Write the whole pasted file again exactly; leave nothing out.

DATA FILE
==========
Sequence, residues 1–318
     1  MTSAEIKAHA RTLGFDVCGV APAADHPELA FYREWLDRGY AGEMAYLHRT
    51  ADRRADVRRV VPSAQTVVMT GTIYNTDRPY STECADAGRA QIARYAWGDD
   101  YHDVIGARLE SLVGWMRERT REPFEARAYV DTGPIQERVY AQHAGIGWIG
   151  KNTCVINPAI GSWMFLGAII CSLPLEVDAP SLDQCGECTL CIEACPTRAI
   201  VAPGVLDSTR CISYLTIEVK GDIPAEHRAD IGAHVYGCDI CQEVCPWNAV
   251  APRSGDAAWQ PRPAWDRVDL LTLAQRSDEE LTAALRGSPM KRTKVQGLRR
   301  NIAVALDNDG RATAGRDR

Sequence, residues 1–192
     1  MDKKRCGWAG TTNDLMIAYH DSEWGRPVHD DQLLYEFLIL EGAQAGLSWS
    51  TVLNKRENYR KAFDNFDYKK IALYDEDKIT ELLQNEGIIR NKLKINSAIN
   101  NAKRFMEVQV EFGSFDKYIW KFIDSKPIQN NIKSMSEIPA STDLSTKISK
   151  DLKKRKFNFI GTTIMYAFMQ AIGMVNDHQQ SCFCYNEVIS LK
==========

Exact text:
Sequence, residues 1–318
     1  MTSAEIKAHA RTLGFDVCGV APAADHPELA FYREWLDRGY AGEMAYLHRT
    51  ADRRADVRRV VPSAQTVVMT GTIYNTDRPY STECADAGRA QIARYAWGDD
   101  YHDVIGARLE SLVGWMRERT REPFEARAYV DTGPIQERVY AQHAGIGWIG
   151  KNTCVINPAI GSWMFLGAII CSLPLEVDAP SLDQCGECTL CIEACPTRAI
   201  VAPGVLDSTR CISYLTIEVK GDIPAEHRAD IGAHVYGCDI CQEVCPWNAV
   251  APRSGDAAWQ PRPAWDRVDL LTLAQRSDEE LTAALRGSPM KRTKVQGLRR
   301  NIAVALDNDG RATAGRDR

Sequence, residues 1–192
     1  MDKKRCGWAG TTNDLMIAYH DSEWGRPVHD DQLLYEFLIL EGAQAGLSWS
    51  TVLNKRENYR KAFDNFDYKK IALYDEDKIT ELLQNEGIIR NKLKINSAIN
   101  NAKRFMEVQV EFGSFDKYIW KFIDSKPIQN NIKSMSEIPA STDLSTKISK
   151  DLKKRKFNFI GTTIMYAFMQ AIGMVNDHQQ SCFCYNEVIS LK